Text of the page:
La Jicarita recently met with DeVargas and toured several of the La Manga Ho units to see how the sale is laid out: new roads, road closures, trees slated to be cut, and trees that will be left for wildlife. Photographer Eric Shultz accompanied the paper and his photos are displayed on page 5.
The 15 or so units of La Manga Ho are accessed off Forest Road 274 northwest of Cañon Plaza. A spur road off FR 274 leads into the Escondida Canyon area; this road will be rerouted into the cutting units and closed off through the riparian area adjacent to Cutting Unit 9. La Companía will be responsible for approximately 7-8 miles of that road reconstruction at an estimated cost of $101,000, which will be credited by the Forest Service (the company must subcontract any of the road building it is incapable of doing). If road construction exceeds this estimate, the difference must be made up by the logging company. As we walked through Unit 9, DeVargas pointed out the trees marked with blue for cutting: they are more than 8 inches in diameter and less than 2 feet. "The nicest, straightest trees are the ones staying," DeVargas said. "From a purely economic standpoint, we'd do better to take the larger ones, of course, but the way the sale is laid out, we'll do fine." These larger trees are marked with yellow, which preserves them for wildlife. DeVargas also showed us some of the smaller trees slated for cutting: "Some of what we will be doing is actually thinning for the Forest Service; these smaller trees are not economically worth our while." The thinning will help produce the desired park-like openings in the predominantly ponderosa pine forest, to better allow for the growth of larger diameter trees and grasses.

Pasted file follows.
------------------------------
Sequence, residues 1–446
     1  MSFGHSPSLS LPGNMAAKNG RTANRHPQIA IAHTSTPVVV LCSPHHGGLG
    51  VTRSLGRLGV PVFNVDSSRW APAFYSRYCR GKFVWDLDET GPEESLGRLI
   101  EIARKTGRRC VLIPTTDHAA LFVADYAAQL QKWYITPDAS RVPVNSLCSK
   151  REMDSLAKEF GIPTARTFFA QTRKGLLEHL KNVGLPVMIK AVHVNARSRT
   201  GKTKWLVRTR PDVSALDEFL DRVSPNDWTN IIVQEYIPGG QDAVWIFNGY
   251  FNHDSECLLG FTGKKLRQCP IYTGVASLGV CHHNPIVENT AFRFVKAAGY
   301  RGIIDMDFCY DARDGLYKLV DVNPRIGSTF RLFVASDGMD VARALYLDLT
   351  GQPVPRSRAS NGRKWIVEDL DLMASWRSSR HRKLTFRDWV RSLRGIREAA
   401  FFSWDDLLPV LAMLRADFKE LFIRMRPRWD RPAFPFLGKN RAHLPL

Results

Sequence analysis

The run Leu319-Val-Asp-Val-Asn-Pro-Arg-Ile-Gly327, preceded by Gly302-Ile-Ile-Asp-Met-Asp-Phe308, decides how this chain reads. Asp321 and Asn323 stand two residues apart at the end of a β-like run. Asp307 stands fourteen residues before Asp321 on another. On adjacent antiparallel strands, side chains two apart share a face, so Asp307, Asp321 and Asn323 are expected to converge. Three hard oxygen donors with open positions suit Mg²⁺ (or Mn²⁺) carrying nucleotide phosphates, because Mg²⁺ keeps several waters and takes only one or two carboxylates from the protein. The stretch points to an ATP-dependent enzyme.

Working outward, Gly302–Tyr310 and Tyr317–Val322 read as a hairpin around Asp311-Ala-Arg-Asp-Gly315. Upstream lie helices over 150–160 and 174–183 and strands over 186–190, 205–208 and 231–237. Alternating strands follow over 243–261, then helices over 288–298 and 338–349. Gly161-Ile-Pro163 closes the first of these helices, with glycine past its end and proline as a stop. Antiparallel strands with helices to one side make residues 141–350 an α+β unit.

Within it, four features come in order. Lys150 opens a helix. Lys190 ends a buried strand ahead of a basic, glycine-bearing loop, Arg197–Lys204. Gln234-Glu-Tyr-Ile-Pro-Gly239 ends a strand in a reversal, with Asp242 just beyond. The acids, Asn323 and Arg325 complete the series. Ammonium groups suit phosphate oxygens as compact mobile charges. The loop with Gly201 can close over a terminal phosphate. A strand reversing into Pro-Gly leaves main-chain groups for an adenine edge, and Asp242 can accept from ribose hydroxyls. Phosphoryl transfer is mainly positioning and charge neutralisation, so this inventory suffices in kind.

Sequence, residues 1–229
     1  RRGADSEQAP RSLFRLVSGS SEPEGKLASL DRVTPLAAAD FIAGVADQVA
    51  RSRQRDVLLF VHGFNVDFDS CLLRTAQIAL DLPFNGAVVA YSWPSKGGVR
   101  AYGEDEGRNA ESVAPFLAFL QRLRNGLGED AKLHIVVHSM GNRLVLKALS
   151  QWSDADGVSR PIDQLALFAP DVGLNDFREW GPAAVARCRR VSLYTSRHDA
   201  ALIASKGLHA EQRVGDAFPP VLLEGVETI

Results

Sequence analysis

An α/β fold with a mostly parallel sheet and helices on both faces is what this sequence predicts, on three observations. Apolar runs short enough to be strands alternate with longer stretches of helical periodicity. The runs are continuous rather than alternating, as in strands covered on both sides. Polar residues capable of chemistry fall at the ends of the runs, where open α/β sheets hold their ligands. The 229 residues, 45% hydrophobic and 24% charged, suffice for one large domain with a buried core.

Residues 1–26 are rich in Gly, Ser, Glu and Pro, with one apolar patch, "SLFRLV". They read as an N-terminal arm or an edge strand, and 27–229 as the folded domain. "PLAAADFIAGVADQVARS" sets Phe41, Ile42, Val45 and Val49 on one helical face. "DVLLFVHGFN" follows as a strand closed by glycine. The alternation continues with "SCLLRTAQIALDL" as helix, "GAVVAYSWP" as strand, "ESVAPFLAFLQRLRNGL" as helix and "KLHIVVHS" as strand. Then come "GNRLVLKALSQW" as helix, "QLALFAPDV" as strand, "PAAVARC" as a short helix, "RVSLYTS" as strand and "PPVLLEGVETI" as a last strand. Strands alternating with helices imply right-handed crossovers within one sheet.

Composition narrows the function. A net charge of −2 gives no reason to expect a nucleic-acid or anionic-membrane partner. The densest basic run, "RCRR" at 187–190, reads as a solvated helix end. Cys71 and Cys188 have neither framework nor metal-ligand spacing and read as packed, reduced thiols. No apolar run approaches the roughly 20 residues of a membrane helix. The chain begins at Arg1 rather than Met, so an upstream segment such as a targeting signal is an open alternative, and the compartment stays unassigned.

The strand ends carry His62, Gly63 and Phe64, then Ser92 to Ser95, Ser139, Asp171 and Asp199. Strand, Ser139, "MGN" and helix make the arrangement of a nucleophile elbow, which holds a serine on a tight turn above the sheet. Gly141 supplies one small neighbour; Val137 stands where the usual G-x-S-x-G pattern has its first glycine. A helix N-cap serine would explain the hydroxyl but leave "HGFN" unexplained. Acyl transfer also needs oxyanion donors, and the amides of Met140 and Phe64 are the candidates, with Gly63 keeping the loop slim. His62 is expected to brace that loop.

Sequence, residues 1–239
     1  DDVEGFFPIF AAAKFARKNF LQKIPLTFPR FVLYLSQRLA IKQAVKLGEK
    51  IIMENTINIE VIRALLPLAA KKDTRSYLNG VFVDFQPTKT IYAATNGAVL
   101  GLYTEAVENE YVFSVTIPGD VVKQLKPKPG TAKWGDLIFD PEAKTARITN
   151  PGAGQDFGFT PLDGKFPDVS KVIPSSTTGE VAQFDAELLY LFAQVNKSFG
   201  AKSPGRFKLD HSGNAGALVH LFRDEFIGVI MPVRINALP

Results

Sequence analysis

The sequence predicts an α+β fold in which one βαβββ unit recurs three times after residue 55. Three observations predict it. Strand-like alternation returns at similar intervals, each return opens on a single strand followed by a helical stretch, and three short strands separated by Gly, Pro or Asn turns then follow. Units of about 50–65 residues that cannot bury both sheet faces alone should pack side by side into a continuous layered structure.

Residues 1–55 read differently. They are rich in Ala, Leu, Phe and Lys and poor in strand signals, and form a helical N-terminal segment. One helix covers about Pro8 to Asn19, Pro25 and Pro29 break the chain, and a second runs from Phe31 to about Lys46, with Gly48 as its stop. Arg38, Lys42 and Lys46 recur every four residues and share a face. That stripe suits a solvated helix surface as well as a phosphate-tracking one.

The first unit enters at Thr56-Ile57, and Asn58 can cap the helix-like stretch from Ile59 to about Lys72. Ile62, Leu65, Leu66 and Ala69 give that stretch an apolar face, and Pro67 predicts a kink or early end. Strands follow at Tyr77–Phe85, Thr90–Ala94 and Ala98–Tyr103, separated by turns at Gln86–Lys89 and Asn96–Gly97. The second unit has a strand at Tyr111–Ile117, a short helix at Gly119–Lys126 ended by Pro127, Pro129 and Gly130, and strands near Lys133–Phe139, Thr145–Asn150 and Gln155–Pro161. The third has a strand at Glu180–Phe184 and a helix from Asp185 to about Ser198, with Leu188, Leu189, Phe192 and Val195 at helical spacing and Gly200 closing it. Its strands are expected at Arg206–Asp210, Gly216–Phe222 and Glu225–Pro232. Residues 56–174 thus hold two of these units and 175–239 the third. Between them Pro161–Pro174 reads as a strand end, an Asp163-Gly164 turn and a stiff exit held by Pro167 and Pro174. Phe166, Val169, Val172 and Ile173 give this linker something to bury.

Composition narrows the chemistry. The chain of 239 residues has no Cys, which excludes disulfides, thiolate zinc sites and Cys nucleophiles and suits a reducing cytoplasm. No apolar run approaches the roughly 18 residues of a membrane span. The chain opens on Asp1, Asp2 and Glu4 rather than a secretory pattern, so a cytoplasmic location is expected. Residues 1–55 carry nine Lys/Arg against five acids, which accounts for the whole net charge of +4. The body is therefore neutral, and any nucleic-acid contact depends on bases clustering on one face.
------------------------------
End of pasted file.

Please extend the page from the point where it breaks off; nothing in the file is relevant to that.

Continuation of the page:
According to the Forest Service, the La Manga sale "is a very conservative one." Of the 1.1 million board feet that will be harvested in La Manga Ho, 1 percent of old growth&emdash;defined as trees of 2 feet in diameter&emdash;will be taken. The sale also addresses environmental concerns about road densities by stipulating that 7.4 miles of road will be closed and 17.2 miles of road will be obliterated, as opposed to 8.5 miles of road construction.
Three units may be cut at one time. Typically one of those units will be where the access road is being constructed, while the other two units will be cut and prepared for skidding. As we continued our walk through several of the other units, we noticed that the area had previously been impacted by Forest Service mismanagement. Old-growth snags were cut 30 and 40 years ago as fire prevention. Current management is trying to rectify that situation by directing La Companía to save remaining snags and trees that are potential snags.
Because of Forest Guardians most recent legal actions, DeVargas and other norteños organized several protests, heating up the already volatile situation. On June 19, a protest in Santa Fe resulted in a shouting match between DeVargas and John Talberth of Forest Guardians. Then on June 23, a group of norteños walked into the Ghost Ranch conference grounds where Forest Guardians were holding a membership conference. They did not disrupt the proceedings, but peacefully demonstrated against the "zero cut" policy.